Re­cruits’ rea­sons for en­list­ing evolve as Afghan war grinds on

South Florida Sun-Sentinel (Sunday) - - Nation & World - By Alex Hor­ton The Wash­ing­ton Post

Those who en­list in the Marines now do so for rea­sons apart from the 9/11 at­tacks.

A day af­ter hi­jacked planes de­stroyed the World Trade Cen­ter tow­ers, tore into the Pen­tagon and cratered a Penn­syl­va­nia field, thou­sands of ba­bies were born in the United States.

They emerged from the womb on Sept. 12, 2001, as hos­pi­tal tele­vi­sions were tuned to smol­der­ing rub­ble, and they grew along­side the sub­se­quent war against al-Qaida and the Tal­iban.

Wed­nes­day marked a new era for the war in Afghanistan and the young peo­ple who make up the bulk of en­lis­tees. It was the first day some­one born af­ter the ter­ror­ist at­tacks can en­list, at age 17, and be­gin a path to serve in the seem­ingly end­less war launched in re­sponse to those at­tacks.

Troops were once par­tially mo­ti­vated to en­list be­cause of the at­tacks; now, 17 years later, the un­fin­ished war grows fur­ther from events that cre­ated it.

The di­vid­ing line be­tween troops who en­listed be­fore and af­ter Sept. 11 was ini­tially stark, veter­ans have said.

Bran­don Fried­man was com­mis­sioned in the peace­time Army of 2000, and took over an in­fantry pla­toon five days af­ter the at­tacks.

He later led them in Afghanistan in 2002. Those men had all en­listed be­fore the at­tacks, he said, and had joined for a num­ber of rea­sons — to test their met­tle, earn col­lege ben­e­fits or maybe to es­cape dim prospects at home.

But the re­place­ments he re­ceived by 2003, who had all en­listed in the wake of Sept. 11, said they joined for dif­fer­ent rea­sons.

“It was a gal­va­niz­ing time,” he said.

About 5.5 mil­lion troops have served since Sept. 11, and nearly 7,000 have been killed in Iraq and Afghanistan com­bined.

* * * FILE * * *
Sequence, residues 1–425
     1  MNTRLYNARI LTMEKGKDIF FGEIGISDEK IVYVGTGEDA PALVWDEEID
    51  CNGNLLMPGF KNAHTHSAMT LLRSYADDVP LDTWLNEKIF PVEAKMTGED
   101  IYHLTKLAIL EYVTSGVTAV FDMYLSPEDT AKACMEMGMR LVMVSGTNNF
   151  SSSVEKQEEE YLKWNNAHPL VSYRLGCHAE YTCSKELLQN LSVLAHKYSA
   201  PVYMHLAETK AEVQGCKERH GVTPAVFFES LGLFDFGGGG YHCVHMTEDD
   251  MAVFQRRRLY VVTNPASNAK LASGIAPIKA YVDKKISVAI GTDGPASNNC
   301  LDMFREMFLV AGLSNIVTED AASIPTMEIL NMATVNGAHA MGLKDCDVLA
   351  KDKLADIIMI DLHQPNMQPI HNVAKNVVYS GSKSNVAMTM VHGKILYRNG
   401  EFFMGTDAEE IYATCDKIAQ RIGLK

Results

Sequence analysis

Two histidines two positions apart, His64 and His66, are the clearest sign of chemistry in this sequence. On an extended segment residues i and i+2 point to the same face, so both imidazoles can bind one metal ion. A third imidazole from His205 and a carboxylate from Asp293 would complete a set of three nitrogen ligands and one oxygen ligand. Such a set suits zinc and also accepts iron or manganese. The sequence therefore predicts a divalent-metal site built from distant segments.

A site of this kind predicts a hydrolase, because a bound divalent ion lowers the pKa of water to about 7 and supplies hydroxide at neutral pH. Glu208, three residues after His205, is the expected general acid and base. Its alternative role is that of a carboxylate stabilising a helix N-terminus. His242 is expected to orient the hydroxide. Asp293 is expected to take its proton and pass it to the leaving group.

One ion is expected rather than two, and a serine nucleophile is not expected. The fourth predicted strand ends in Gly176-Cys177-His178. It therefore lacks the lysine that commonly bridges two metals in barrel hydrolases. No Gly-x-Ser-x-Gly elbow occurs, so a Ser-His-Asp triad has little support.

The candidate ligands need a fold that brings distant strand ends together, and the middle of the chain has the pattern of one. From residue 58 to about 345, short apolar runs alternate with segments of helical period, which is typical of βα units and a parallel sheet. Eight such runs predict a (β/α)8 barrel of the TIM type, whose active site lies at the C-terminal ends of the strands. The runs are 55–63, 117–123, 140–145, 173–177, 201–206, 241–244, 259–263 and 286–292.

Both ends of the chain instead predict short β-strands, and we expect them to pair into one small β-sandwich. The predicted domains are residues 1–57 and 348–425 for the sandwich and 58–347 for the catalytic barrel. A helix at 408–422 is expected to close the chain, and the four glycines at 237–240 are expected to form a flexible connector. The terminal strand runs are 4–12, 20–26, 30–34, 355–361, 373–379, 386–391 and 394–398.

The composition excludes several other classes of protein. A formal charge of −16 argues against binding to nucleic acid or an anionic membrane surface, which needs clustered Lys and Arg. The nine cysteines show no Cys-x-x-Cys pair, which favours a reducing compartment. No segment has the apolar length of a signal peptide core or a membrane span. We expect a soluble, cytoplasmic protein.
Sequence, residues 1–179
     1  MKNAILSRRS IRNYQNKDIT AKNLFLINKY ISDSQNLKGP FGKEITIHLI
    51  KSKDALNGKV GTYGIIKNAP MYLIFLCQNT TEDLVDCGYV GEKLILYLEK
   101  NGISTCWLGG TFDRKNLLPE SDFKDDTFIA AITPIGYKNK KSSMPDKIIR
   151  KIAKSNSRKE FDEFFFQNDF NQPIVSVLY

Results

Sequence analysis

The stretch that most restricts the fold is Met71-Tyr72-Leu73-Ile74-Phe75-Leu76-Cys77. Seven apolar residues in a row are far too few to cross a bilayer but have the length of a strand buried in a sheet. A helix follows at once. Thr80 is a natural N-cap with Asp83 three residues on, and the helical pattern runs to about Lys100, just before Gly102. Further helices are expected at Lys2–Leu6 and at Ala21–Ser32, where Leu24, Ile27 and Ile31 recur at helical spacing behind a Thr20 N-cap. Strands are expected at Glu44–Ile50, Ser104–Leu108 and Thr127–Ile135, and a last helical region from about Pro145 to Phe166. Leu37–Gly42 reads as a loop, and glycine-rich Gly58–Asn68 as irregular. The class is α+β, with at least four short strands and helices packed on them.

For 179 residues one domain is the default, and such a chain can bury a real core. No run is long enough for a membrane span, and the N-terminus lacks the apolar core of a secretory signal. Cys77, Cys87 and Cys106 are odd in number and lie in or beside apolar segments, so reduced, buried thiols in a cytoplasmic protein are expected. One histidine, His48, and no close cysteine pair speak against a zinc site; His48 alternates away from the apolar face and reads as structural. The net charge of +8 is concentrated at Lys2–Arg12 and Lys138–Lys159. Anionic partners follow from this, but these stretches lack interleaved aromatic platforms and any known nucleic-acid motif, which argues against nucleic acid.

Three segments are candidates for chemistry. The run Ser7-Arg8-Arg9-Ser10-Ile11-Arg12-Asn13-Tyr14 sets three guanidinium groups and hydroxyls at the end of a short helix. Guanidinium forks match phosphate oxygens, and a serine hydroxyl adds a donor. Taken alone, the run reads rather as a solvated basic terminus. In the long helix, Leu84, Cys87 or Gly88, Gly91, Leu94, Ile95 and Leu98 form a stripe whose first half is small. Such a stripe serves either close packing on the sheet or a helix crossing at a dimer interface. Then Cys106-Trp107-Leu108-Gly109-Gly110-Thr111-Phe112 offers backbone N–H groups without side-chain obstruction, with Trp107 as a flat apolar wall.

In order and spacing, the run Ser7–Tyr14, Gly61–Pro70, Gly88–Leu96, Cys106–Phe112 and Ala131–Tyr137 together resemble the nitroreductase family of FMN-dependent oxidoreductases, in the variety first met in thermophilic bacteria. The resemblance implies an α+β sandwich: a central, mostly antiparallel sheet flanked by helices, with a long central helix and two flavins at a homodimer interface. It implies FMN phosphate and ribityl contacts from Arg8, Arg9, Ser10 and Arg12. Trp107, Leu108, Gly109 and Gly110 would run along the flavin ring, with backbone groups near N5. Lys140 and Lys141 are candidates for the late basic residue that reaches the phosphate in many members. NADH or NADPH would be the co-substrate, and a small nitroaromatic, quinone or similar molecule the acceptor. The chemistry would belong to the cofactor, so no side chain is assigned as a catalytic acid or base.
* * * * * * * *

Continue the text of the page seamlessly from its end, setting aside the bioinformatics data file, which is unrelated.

Kayla Wil­liams, a for­mer Army lin­guist, was in Ara­bic class dur­ing the at­tacks. Like Fried­man, she later met re­cruits newly in­spired to fight. In re­cent years, how­ever, en­lis­tees are less likely to say Sept. 11 played a role in their de­ci­sion to join the mil­i­tary, said Wil­liams, now di­rec­tor of the mil­i­tary, veter­ans and so­ci­ety pro­gram at the Cen­ter for a New Amer­i­can Se­cu­rity, a Wash­ing­ton think tank.

Pen­tagon data show an 8 per­cent surge in the propen­sity for young men to en­list right af­ter the at­tacks, con­tin­u­ing through 2005.

Now, re­cruits re­port mo­ti­va­tions that mir­ror those of their pre-9/11 fore­bears; they join to pur­sue ad­ven­ture, se­cure ben­e­fits or are drawn to as­pects of honor, Wil­liams said.

Jon Gil­lis was in fifth grade on Sept. 11, and his friends had par­ents in the Pen­tagon dur­ing the at­tacks. But that was not a spe­cific driver, he said.

Gil­lis en­listed as a col­lege grad­u­ate in 2013 af­ter be­com­ing close with a Ma­rine vet­eran.

He en­tered a Corps in tran­si­tion, where Marines hoped for com­bat ro­ta­tions and were dis­mayed by dwin­dling chances to fight in Afghanistan, as their lead­ers had. Gil­lis de­ployed to Ro­ma­nia in­stead.

He left ac­tive duty last year as 18-year-olds ar­rived at his unit. Bar­racks talk fo­cused on the gen­er­a­tional gaps, he said, with Sept. 11 as the ref­er­ence point. “They know it hap­pened, but there is no mem­ory at­tached to it,” Gil­lis said of the younger Marines.

JOE RAE­DLE/GETTY 2009

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